The second piece is a much larger, simpler composition, and already has a great sense of volume. The shading in the nose and cheeks is strong and clear enough to make the entire tattoo look dimensional and smooth. It's already a really nice piece, but since it was submitted for critique, here we go.


This design needs no enlarging- it is already as big as it could go in this spot without going to a full half sleeve (which would be cool too, but not every collector is ready for that). The negative space clouds and wind are a great way to frame the piece off and integrate it into the arm. It's got a lot of good things going for it, so mainly we will talk about polish here.


My first thought was that the forehead is a little pointy. That may be because of the shape of the shoulder, but that's an important thing to look for when the stencil is put on. I've corrected it so it doesn't have that point. You'll also notice how the hair fades out to skin near the top of the head, so that its black shading doesn't merge with the black background. Anywhere there is strong black in the background I generally recommend being cautious about using too much in the foreground as well, so using the gradient in the hair minimizes this problem.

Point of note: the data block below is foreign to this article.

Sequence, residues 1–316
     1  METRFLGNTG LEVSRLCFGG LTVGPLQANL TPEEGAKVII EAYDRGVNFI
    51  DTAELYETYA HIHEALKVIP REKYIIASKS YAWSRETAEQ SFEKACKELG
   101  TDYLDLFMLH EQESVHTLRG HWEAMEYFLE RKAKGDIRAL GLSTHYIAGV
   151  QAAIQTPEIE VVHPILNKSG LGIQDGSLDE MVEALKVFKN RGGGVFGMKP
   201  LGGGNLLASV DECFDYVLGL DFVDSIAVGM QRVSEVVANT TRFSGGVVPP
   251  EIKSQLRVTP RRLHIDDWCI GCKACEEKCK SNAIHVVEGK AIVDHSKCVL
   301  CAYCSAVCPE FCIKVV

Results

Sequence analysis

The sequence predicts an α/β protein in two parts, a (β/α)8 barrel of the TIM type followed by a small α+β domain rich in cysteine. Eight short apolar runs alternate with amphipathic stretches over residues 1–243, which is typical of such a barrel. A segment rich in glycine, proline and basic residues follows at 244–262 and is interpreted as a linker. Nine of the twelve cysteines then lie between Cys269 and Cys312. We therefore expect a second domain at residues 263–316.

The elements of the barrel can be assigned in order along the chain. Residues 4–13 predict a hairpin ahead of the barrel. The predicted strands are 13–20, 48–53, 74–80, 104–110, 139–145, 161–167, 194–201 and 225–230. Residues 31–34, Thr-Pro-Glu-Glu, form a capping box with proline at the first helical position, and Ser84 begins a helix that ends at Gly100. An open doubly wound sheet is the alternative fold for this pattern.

Next, I added a few bold outlines. I know that this wasn't one of the goals of the piece, but especially with a strong design like this I feel that a few selectively chosen outlines in just the right places can really add to the sense of power in a design. I've added them only around the outer edge of the face and the nose... but look at the difference that makes! I've also sharpened the edges around the eyes and added focus to the pupils, which I think are too simple and bland for this tattoo. A little bit of focused detail around the eyes and nose actually helps the piece look more alive.


There's also been a little bit of light gray added to the negative space clouds, which in my opinion did not have enough of the gray range to look full and complete. You can see how the light washes give the whole piece more depth and visual range. I always recommend trying to explore the whole spectrum from dark to light with your shading, particularly with black and gray work, rather than simply using black and one or two shades of gray. The full range is just way more visually satisfying.
 

So the upgrades on this piece include: 1) Bold outline added around a few key shapes, 2) Detail and focus brought into eyes and other key areas, and 3) Fuller range of grays used in negative space areas, plus a gradient in the hair to separate it from the black background.
 

I think that Oliver's work has a lot of potential, and it's refreshing to see more of the Chinese influence work its way into the broad stylistic fusion of cultural styles that we all explore as tattooers. Like many up and coming artists, I think his biggest hurdle at this point is simply doing a lot more tattoos, and with an already distinct stylistic flavor in his palette, it's only a matter of time and effort until his work morphs into something quite impressive.
 

Thanks to Oliver, and to the whole crew from Shanghai who visited us here at Hyperspace Studios last month. It was a truly eye-opening week... anyone who wants to check out the sleeve that Just Shao and I did, you can find it on my @guyaitchisonart Instagram feed.